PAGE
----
Mainly espresso and pour over, but even the odd French press (cafetière).

Coffee recipes are often expressed in various terms, scoops of coffee to cups of water, or fluid ounces (often not explaining whether American or imperial). Oh and what is a cup. In Europe a cup of coffee can be anything from a 4 Oz to a 6 Oz cup. In America in fact the west in general it just seems to keep getting bigger. The biggest issue with measuring volume is the fact that different coffee can have more volume than other, plus it depends on grind size.

Most common now is a ratio by weight, for espresso 1:2, one part coffee to two parts output. So for example 14 grams of coffee (an Italian double), and have 28 grams of espresso.

For pour over 1:15 is often the starting place. So one part of coffee to fifteen parts of water.

So ratio by weight is better but who wants to do maths before making coffee, I much prefer grams of coffee per litre of water, a litre of water being 1000 grams.

As a general rule I start at around 60 g per litre for a pour over and maybe a little more for a French press depending on how I am feeling. It makes the calculations easy, a large mug is generally 250 ml so four mugs is a litre, 30 g for two mugs, 15 g for one mug. Also I grind a little finer for a V60 when making amounts up to 250 ml, a little courser for my Kalita Wave, and courser still for my Chemex when brewing over 400 ml.

Knowing that 1 g equals 1 ml of water you can figure out the size of your favourite coffee cup and using the grams per litre measure quickly make yourself a cup of quality coffee first thing in the morning.

Keeping Reptiles

Timmy the Greyhound

I have kept, cats, dogs, birds, fish, hamsters and snakes.

Currently we have a Ted the Greyhound, two birds, and two snakes; Oz the Corn snake and Bertie the baby boa.

Of all of these reptiles are both the easiest and the hardest. The advantage of the types of reptiles I keep is that they do not need to feed, often for weeks at a time, a big bowl of water can last several days.

Some reptiles are more difficult than others, please do you research, some of my vivariums are over two hundred cm by ninety cm. Not everyone can afford the space for these sizes of vivarium, and if your keeping lizards or some large pythons you will need to dedicate a large room.

The key to keeping them is to do your research. You need to give them the room they need. You need to know the temperature they need to be kept at and whether you need to change that temperature during the day and night and by season.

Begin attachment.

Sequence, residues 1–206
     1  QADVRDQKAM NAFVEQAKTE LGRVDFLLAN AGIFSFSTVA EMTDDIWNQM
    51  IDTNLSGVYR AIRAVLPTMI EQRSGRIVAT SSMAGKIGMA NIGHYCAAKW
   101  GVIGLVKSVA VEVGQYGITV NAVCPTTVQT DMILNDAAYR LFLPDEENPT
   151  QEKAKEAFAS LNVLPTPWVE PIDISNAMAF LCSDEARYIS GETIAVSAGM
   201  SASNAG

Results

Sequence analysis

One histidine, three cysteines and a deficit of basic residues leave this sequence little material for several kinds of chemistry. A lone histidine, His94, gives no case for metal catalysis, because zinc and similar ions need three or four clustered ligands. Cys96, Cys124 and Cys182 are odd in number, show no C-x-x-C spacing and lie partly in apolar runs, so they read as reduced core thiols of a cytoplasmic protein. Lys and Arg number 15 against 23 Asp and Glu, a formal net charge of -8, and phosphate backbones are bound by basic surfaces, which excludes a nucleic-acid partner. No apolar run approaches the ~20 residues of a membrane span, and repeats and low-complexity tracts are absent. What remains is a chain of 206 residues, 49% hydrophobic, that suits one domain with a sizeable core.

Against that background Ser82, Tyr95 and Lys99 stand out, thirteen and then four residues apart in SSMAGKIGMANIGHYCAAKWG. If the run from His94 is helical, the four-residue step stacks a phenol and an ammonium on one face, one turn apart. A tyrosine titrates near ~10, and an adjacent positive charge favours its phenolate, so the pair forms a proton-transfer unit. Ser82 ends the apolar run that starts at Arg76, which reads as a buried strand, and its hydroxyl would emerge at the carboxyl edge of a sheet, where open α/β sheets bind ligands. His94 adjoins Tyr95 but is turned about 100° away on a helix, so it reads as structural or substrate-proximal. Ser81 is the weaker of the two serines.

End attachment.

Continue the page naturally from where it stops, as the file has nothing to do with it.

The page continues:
Often you need to provide a high ambient temperature, a hot spot and a cold area.

Next humidity. This can be a challenge, pick your vivarium carefully, glass, plastic and wood are your options. You also need to consider your substrate. Does it need to increase humidity or decrease it. Will it cause issue with feeding, does your reptile like to borrow?

Lighting, some want heat but not light, others need a UVB source, but also want to be able to hide from the light sometimes.

Bertie the Boa, less then one year old

Lastly making the reptile feel safe; hides in the cold area and hot area is a minimum. Too much glass can make your pet feel exposed, does it need a dark area to hide in.

As I said, research is key. Choose the right pet and know your subject to give them a good life, and you can give each other years of pleasure.

Limited Coffee – oh NO!

Lock down and working from home has meant no visits to coffee shops since March.

And now my coffee grinder has stopped working. To be honest my Baratza Sette 270 gets hard use. Making espresso and pour over every day. Its been a good workhorse. Luckily Baratza products have good support and they offer repair/service and upgrades at good prices.

Baratta Sette 270

So while its away I have been limiting myself to a couple of pour overs each day and a fresh press at the weekend, grinding my coffee by hand with my manual Hario grinder.

I have already had the email to say its all repaired and tested, so it will be back with me in a few days. Until then I’ll be dreaming of good espresso.

Sherwood Pines – Walkies

With lock down easing, we got an email from a friend asking us if we wanted to go on a pack walk in the woods near Sherwood Forest. So with water bottles and collapsable dog water bowl packed off we went.